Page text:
Having said that I'm not sure what you gain by running either over BLE, BLE's built in ...
Yes, Mosquitto does support multiple brokers.
Mosquitto uses MQTT Bridges to connect multiple brokers thus routing messages between these mosquitto brokers. This way a bridge between your primary broker to a fallback system can be established. Avoid creating loops though. If both brokers run your clients publish to the primary broker which then publishes ...
A Raspberry Pi 3 is a pretty serious bit of kit when you think about it
Quad core Arm Cortex
1gb of RAM
a onboard GPU
That is a huge amount of memory, easily more than enough to run a MQTT broker and something like Node-RED to interface between a LoRa radio and the broker.
We have a commercial gateway (MultiTech MultiConnect Conduit) in the office which ...
Some ideas - I've not covered all combinations of with/without username/TLS, hopefully you can see where they are missing.
Can a client connect anonymously, no TLS?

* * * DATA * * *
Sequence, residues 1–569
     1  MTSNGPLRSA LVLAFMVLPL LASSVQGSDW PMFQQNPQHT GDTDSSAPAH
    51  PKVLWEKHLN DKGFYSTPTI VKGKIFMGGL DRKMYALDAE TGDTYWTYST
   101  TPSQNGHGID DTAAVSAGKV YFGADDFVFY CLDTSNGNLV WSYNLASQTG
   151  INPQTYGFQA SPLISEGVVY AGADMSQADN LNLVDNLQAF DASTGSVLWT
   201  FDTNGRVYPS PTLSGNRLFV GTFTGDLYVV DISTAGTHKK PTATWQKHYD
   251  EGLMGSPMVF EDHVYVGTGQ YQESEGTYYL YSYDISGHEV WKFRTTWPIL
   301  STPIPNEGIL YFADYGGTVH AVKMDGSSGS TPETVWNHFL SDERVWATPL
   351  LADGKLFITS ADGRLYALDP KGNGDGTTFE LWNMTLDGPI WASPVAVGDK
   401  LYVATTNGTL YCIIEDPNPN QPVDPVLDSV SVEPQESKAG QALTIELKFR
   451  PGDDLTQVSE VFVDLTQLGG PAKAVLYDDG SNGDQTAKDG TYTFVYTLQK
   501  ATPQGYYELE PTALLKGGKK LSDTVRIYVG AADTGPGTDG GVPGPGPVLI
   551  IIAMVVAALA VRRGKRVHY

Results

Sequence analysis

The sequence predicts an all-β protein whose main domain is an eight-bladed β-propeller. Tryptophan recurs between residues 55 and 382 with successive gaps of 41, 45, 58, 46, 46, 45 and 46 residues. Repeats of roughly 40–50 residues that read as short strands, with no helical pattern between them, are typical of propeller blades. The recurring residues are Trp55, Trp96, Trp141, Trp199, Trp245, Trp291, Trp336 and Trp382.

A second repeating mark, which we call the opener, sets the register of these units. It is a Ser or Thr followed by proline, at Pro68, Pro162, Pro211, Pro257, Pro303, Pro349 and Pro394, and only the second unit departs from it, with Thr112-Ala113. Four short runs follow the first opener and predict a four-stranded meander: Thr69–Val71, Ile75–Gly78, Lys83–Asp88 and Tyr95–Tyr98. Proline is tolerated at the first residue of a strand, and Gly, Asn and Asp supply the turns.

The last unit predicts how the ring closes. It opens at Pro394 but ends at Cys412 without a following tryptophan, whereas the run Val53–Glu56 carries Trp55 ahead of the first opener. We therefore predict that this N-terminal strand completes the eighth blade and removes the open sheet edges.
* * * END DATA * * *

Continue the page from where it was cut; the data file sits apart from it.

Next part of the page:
mosquitto_sub -t test/topic -h <broker address>
Can a client connect if it provides a username but no password, no TLS?
mosquitto_sub -t test/topic -u <username> -h <broker ...
a similar system (extension/plugin) for the mosquitto broker
As far as I know there is no plugin/extension for mosquitto broker ( at least no opensource one )
another recommended method that works with mosquitto
Well I can say per my experience with Mosquitto broker and AWS IoT, you can just directly subscribe to '#'
After looking ...
MQTT (Message Queue Telemetry Transport) seems to be well suited for the proposed application.